by Plinio Corrêa de Oliveira
Commenting on the Holy Shroud at a lecture on March 10, 1973, Plinio Corrêa de Oliveira said the sacred cloth is a reflection of the soul of Our Lord Jesus Christ. Here are a few excerpts from that talk:
“Though dead, one notices in Him a curious thing: He was only 33 years of age when He died, but to our eyes today He seems much more mature. I would easily estimate His age to be 45 years. Our Lord Jesus Christ was 33, man’s perfect age, when He died. He lived up to the full maturity of man. And here one has a notion of absolute maturity.
“You can see enormous resoluteness and absolute maturity. A person who is fully aware of all that He thinks, that has an extremely mature judgment, on the one hand, and on the other hand an absolutely strong and determined will. He knows all that He wants, and He wants everything that He should want. This gives an idea of absolute order, manliness, and self-control."
Prof. Corrêa de Oliveira comments about another impression the Shroud causes: refusal and horror of the sin committed:
“I do not see on those closed eyelids the slightest sign of compassion. I have the impression that they closed in denial and horror of the sin that men committed. On His Holy Face one notices the marks of the blows He received; His hair is disorderly. He was mistreated in every way. One perceives His protest of all this, but also His dignity.”
The eminent Catholic thinker also speaks about the extraordinary majesty of the Holy Shroud:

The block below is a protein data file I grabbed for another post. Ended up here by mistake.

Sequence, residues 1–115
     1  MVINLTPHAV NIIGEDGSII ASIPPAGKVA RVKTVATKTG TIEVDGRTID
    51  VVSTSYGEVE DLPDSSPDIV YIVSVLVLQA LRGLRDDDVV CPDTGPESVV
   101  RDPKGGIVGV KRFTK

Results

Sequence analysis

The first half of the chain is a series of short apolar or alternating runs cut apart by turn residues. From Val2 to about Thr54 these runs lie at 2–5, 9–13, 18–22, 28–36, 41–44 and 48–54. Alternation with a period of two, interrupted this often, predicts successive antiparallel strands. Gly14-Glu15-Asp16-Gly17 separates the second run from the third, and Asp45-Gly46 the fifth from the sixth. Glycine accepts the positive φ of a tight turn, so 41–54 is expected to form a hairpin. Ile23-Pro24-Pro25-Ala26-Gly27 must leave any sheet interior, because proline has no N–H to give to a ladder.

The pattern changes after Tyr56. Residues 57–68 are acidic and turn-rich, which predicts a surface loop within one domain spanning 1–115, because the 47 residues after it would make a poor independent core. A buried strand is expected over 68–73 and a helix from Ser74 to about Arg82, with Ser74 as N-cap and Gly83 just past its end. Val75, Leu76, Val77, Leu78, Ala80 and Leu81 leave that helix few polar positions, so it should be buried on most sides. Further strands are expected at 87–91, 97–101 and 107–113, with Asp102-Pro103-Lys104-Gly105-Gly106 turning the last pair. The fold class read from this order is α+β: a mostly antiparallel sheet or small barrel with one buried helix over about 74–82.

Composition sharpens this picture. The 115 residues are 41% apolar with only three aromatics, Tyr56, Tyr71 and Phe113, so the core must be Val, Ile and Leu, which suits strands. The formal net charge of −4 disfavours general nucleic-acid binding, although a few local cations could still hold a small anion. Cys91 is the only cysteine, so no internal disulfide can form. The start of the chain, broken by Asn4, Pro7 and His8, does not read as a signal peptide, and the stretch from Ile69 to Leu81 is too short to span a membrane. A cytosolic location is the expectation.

“You will have no difficulty perceiving the extreme responsibility and self-assurance of this figure. Looking at the Holy Face one is reminded of that episode of the Gospel when the executioners about to arrest Him [asked] if He was Jesus of Nazareth. And He said, ‘It is I’, and all of them fell face down. Such was His Majesty, His self-assurance.
“This answer: ‘It is I!’ recalls God’s definition of Himself to Moses when He appeared in a burning bush. Moses asked who He was. He answered, ‘I am He who is!’ If we were to say that this figure [of the Shroud] is defined thus: ‘! I am He who is', it would be absolutely defined because it is a communication with the absolute whole, a possession of the absolute whole, a self-assurance in which one sees that He is the standard and measure of all things and that He judges all things as King and as God, in function of Himself, which is a true marvel.
“At the same time we can glimpse into what His gaze might have of divinely suave and affable. We imagine what His language and the tone of His voice could possibly have of supremely affable. It is the coexistence of all virtues, all perfections, and all grades that can fit in nature, reflecting the divine nature bound to Him by the hypostatic union.
“On the other hand, it is interesting to note the severity of His expression. Our Lord died the victim of an atrocious crime. The worst of all crimes, the crime of deicide, produced and operated by the greatest torment ever reported in history.
“As you look at this countenance you can see He is like a Judge facing His tormentors. And that expression here is a truly divine rejection, reproach, disagreement and condemnation of those who killed Him. As if saying, ‘I am the Law, I am the Judge, and I am the Victim! And on these three counts I judge the crime perpetrated against me.’ This is truly majestic and awesome.”